As someone who used MS Word for what seems to be since birth, the move to Google Docs was a welcome (once I left working at big enterprises that is). Finally, I could say goodbye to trying to understand pagination rules with weird hidden symbols.
F-I-N-A-L-L-Y, I could stop spending hours trying to fix badly formatted nested bullets, inconsistent spacing and attempts to place images where they should be, without my document, going absolutely haywire. Let’s not discuss the corrupt file errors, the ones that would lead you to have to redo allllll your work over again, those memories still make me break out in hives.
So. Not. OK.
Google was my content knight in shining armor. Finally I could be rescued from incompatibility errors (whatever those are). But what I wasn’t anticipating was that my all new 21st century word processing BFF would also eventually let me down.
In an effort to save your sanity, I present you with my top three Google Docs tips (not for Dummies, but for people like you and me).
PRO-TIP 1: Pick up the phone, have a video conference and talk things out. Sometimes collaboration software can take things too far Just because all the bells and whistles are there, doesn’t mean you have to use them to the level I/we did.
After about six months of being a corporate escapee to startup land I was working for a company that had offices in the UK, NY and Australia. There were multiple time zones to navigate and various teams to collaborate with. When we embarked on a brand repositioning project, it seemed E-V-E-R-Y-O-N-E had something to say about each and every word in each and every draft.
This became my new definition of exhausting.
Navigating through and resolving all the comments became a new job in itself. And as someone who prides herself on making sure others are heard and embracing remote work cultures, G Docs actually started to fray relationships a bit, for the same reason tone can get lost in email. Add to the fact that the notion of “too many cooks in the kitchen” translates to too many contributors in the Google Doc -- it made it hard to recall who was saying what. Worse off, if this was my first intro to them, what a way to make a first impression. Somehow what was supposed to help streamline communications and workflow, ended up making it, umm, worse.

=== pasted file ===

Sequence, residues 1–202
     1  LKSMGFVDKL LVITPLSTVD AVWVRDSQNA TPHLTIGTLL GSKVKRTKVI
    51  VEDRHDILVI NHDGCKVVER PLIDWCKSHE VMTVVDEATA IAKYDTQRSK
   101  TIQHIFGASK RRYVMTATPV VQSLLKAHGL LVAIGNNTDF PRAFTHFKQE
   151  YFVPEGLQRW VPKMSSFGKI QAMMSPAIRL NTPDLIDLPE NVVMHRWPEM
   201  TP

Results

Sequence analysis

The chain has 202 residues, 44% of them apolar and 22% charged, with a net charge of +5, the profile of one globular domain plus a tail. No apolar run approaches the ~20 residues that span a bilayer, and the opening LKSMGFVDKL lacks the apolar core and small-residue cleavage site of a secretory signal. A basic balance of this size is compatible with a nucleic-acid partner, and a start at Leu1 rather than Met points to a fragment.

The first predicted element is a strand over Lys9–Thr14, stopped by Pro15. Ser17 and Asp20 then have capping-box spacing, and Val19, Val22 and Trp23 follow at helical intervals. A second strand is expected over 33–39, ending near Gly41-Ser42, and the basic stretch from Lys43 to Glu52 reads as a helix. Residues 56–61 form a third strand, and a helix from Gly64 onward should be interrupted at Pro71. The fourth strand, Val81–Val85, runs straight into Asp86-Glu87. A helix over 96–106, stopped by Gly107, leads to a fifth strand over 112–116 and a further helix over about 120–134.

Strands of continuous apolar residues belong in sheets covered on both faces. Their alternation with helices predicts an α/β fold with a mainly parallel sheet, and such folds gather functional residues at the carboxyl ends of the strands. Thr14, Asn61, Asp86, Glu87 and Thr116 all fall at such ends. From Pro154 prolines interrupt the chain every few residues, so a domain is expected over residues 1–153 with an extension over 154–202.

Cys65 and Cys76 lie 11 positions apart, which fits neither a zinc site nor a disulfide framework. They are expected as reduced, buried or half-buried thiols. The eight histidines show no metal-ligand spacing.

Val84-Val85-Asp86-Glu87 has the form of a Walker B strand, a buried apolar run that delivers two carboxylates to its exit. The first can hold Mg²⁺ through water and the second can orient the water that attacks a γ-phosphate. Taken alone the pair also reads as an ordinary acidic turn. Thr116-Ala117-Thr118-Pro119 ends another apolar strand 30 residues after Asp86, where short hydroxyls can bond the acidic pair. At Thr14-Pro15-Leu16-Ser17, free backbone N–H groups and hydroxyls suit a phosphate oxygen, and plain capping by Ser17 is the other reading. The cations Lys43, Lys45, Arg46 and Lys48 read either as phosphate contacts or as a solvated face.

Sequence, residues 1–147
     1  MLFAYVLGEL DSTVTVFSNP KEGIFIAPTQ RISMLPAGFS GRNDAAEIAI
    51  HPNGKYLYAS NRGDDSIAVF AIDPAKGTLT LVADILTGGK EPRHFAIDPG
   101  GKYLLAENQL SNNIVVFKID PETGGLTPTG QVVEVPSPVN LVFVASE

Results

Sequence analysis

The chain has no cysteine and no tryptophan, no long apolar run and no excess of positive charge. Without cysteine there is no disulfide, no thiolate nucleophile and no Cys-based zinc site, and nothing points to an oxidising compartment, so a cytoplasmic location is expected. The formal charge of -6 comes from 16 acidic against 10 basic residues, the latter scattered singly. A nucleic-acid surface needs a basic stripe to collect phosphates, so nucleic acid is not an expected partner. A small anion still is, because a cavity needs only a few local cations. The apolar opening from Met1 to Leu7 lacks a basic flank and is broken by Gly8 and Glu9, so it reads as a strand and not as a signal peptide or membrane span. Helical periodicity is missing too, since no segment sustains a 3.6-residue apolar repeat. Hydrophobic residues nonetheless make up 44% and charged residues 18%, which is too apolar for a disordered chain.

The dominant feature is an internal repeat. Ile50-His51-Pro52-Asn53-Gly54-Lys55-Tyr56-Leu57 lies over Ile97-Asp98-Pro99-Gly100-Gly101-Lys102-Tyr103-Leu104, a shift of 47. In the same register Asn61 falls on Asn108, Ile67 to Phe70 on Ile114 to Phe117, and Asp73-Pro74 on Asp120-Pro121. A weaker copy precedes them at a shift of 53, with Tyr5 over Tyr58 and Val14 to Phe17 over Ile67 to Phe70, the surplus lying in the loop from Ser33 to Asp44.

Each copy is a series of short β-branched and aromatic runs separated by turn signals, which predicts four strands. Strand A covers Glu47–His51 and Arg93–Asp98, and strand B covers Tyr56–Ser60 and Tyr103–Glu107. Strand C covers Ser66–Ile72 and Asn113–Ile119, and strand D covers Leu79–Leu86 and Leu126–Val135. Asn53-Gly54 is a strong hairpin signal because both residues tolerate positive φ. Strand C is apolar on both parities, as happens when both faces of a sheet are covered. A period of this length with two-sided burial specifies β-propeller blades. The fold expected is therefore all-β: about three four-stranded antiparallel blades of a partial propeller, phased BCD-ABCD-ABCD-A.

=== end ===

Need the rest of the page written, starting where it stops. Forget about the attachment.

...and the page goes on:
PRO-TIP 2: Think about security before you hit share. While in google, click share and then do the following:
Once we started sending out client communications that we carefully created, another big debate came my way: To Google Docs or not to Google Docs - that was the question. I already divorced MS Word and was too frustrated to go back with trying to finagle how to get it to work. PowerPoints seem a bit overkill and I think there’s enough death by PPT jokes to go around, so let’s just say I decided to leave tools from decades ago behind.
Then, oops, someone made the mistake of sending Google docs without the right privacy settings and a confidential report got shared with too many people. All the stuff that was proprietary to the company was at risk of being cloned and copied and shared. This is not a place you want to be, trust me.
PRO-TIP 3: For the best reader experience, link to source files instead of sending Google Spreadsheets in email. IMPORTANT, with a capital: Don’t forget to hit refresh in your content that houses it.
If you’re anything like me, you need some sort of spreadsheet or table embedded into your content. With Google docs, admittedly it’s a breeze. This is what Google Sheets are designed for. You can hyperlink source documents, make updates, etc. but then you need to remember to go into the Google Doc itself and click refresh. If you forget, well, your data is, umm, outdated.
Furthermore, for those of us who want to send massive spreadsheets that include budgets, salaries, headcount, analytics, etc -- once a recipient receives this work of art, they’re prompted to install and login to the Google app. This is only slightly less annoying than having to download a PDF on mobile to who knows what folder then having to pan around to read it because the doc is wider than your screen.
According to Campaign Monitor, a whopping 81% of people prefer to open emails on their smartphones. Something to think about. We’re so accustomed to creating content that’s easy for us - but what about the reader?
For those of you who use Google docs, or are new to Google docs, hopefully these tips have helped you kick a few bits of content chaos to the curb. The good news is that there is a better way to create always-up-to-date and secure content experiences that actually dazzle readers. Have a look here and get ready to say adios to content creation, that well, kind of sucks if you ask me.